Appeal of former hot spots dims
Tuesday 10 October 2017
Demand for property in the hot spots which were driving the market has fallen dramatically as the market stays quiet, new data from Realestate.co.nz reveals.
By Miriam Bell
The real estate website’s September data is out and it shows that new listings, total stock and demand are all down across the country.
Nationwide, new property listings in September fell by 11.8% to 9,283, as compared to September 2016.
Just four regions saw an increase in new listings. They were the Wairarapa (up 29.8%), the Central North Island (up 19.3%), Marlborough (up 4.2%) and Canterbury (up 4.0%).
There was also little change in the national average asking price. It is now sitting at $617,971, which is an increase of just 0.3% on the $616,038 recorded in August.
Realestate.co.nz spokesperson Vanessa Taylor said that asking prices have generally remained static in markets around the country.
“Only the Southland, Northland and Marlborough regions registered significant increases in asking prices when compared to last month.”
They recorded a lift in asking prices of 9.6%, 2.6% and 2.4% respectively as compared to August.
Asking prices were flat in six regions. This included Auckland which saw a 0.6% increase that took the average asking price to $938,858.
Of the remaining 10 regions, the West Coast registered the largest fall in asking price compared with the previous month, dropping 8.4% to $280,187.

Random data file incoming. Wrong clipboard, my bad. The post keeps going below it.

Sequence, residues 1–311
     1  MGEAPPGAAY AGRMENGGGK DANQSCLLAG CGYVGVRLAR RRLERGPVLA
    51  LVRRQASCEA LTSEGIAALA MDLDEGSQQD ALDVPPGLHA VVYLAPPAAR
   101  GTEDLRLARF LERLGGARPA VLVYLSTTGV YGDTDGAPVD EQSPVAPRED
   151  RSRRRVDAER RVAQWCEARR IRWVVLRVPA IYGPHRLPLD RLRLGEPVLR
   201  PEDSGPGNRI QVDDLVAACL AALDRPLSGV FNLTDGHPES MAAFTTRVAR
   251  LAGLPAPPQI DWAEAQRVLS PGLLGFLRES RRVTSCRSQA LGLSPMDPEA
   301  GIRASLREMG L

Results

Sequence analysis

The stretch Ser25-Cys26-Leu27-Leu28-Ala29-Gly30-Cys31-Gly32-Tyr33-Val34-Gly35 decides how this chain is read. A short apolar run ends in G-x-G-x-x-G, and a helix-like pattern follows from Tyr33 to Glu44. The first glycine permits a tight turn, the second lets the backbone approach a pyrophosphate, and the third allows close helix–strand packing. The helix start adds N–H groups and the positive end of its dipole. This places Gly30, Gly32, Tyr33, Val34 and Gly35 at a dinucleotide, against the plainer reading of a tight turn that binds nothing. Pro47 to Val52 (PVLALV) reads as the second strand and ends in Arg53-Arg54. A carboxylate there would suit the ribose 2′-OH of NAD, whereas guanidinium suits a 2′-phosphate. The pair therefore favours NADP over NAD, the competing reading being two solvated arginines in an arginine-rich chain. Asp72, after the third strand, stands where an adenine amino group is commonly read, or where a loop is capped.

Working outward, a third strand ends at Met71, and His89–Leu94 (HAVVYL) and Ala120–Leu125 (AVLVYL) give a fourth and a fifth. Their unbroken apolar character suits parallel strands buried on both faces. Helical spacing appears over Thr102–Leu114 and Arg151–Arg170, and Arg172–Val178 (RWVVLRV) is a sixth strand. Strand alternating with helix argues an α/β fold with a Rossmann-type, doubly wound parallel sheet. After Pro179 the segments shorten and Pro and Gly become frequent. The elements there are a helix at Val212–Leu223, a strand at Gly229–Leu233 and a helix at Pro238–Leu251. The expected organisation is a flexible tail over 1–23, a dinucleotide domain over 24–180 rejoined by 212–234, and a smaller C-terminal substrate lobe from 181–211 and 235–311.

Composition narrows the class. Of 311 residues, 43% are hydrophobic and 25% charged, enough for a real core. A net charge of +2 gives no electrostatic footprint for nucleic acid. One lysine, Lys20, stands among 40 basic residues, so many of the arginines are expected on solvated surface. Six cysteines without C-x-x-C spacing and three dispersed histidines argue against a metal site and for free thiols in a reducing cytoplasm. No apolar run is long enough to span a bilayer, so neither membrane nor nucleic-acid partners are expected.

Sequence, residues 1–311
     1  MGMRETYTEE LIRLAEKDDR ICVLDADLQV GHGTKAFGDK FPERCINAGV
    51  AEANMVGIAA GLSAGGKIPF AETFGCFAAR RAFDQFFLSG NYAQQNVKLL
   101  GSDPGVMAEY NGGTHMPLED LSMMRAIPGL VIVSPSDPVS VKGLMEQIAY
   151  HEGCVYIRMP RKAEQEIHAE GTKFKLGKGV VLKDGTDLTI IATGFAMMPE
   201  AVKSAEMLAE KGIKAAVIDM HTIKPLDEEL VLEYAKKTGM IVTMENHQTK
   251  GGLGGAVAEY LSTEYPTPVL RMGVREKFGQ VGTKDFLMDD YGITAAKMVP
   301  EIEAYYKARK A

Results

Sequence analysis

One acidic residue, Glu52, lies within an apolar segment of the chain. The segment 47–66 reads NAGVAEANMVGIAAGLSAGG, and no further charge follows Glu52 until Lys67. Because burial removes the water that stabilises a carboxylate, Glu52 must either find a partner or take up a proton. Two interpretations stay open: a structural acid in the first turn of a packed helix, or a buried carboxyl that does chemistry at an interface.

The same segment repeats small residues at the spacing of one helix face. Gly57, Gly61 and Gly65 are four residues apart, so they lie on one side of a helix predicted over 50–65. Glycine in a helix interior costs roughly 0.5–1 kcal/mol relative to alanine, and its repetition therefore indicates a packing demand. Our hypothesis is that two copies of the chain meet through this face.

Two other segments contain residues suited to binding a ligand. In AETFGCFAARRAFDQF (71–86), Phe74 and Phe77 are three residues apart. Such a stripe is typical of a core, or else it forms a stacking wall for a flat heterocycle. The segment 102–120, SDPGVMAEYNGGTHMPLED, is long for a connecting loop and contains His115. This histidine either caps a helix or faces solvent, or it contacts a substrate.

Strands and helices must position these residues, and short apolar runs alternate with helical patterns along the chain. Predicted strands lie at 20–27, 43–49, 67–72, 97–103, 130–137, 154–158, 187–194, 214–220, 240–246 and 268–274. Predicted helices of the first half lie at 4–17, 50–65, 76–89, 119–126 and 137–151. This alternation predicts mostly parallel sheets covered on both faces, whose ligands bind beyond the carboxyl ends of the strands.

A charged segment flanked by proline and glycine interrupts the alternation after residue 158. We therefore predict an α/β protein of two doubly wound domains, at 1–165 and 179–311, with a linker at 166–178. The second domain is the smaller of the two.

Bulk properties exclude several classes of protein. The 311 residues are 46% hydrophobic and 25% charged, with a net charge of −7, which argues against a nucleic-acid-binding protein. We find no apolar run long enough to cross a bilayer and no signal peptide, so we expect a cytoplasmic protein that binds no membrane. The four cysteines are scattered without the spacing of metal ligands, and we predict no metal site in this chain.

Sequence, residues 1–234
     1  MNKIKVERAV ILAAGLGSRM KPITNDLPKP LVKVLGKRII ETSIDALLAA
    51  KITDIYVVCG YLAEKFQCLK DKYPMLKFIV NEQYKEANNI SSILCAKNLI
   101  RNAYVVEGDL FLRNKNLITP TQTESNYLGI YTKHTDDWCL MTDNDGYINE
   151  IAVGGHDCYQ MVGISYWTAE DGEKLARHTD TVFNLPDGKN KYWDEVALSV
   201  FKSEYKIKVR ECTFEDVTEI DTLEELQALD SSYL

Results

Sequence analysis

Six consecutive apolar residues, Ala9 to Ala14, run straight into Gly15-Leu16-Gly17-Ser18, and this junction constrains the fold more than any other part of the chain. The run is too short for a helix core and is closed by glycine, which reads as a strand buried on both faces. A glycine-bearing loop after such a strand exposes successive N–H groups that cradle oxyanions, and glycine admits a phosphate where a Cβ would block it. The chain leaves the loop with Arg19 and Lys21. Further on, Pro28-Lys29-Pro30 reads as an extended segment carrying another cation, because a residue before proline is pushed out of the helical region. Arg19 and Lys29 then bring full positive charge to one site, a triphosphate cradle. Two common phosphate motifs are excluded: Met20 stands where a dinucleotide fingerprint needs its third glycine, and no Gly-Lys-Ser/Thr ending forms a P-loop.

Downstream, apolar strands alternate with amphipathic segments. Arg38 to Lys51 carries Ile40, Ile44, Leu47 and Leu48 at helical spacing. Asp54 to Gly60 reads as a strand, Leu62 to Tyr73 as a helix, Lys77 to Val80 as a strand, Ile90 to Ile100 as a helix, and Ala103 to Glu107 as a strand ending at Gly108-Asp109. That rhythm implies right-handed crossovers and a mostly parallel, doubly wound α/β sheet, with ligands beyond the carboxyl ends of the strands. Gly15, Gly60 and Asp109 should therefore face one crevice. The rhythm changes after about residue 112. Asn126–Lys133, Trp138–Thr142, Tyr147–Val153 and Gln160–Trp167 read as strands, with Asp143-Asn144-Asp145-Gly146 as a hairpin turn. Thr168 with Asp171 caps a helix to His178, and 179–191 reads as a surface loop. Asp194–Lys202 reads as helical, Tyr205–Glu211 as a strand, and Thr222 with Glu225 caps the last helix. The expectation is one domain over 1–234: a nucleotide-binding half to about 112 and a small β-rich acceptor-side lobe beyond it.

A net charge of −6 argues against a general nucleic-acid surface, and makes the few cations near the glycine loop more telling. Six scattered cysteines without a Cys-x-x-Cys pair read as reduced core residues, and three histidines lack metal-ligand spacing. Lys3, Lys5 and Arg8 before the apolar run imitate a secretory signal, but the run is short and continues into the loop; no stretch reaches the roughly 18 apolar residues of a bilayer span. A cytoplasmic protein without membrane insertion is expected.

“In a tight supply environment where there is a shortage of stock, it would be natural for buyers and sellers to assume that asking prices would be more likely to trend upwards,” Taylor said.
“But sellers are tending to be realistic in the current environment, with buyers also in a ‘wait and see mode.”
Realestate.co.nz also measures property demand – by looking at the increase or decrease in the number of views per listing in regions over a rolling three month time frame.
According to this measure, former property market hot spots Auckland, Waikato, Wellington and Bay of Plenty now sit at the bottom of the demand table
The Auckland region took bottom spot on the demand table (-18.6%), with Wellington (-15.7%), Waikato (-14.6%) and the Bay of Plenty (-10.4%), close behind.
New listings in those regions were also down year-on-year.
The Bay of Plenty showed a 21.7% drop in new listings, followed by Auckland (down 17.1%), Wellington (down 13.7%) and the Waikato (down 12.4%).
ASB economist Kim Mundy said the data shows the housing market remains quiet although new listings did increase in September, as compared to August.
However, total inventory continues to creep lower, which could represent sellers withdrawing properties for sale, she said.
“While this is most pronounced in Auckland, seasonally-adjusted weeks of inventory fell for the majority of regions across the country in September.
“This highlights that this is not an Auckland-only phenomenon.”
Mundy said that, despite the slow sales activity, falling inventory levels should help to support prices or limit any further falls in house prices.
“Strong population growth and sluggish housing construction (particularly in Auckland) will support house prices over the coming few years.”
Comments from our readers
No comments yet
Sign In / Register to add your comment
Housing affordability in regions around New Zealand may have improved over the last quarter, but price to wage ratios are still sky high.
Commercial property syndicates give investors options and risks they might not otherwise have access to – but they do come with risks.
New Zealand’s lower economic growth was acknowledged by the Reserve Bank in its OCR statement today – which means there's a chance their next call could be more doveish.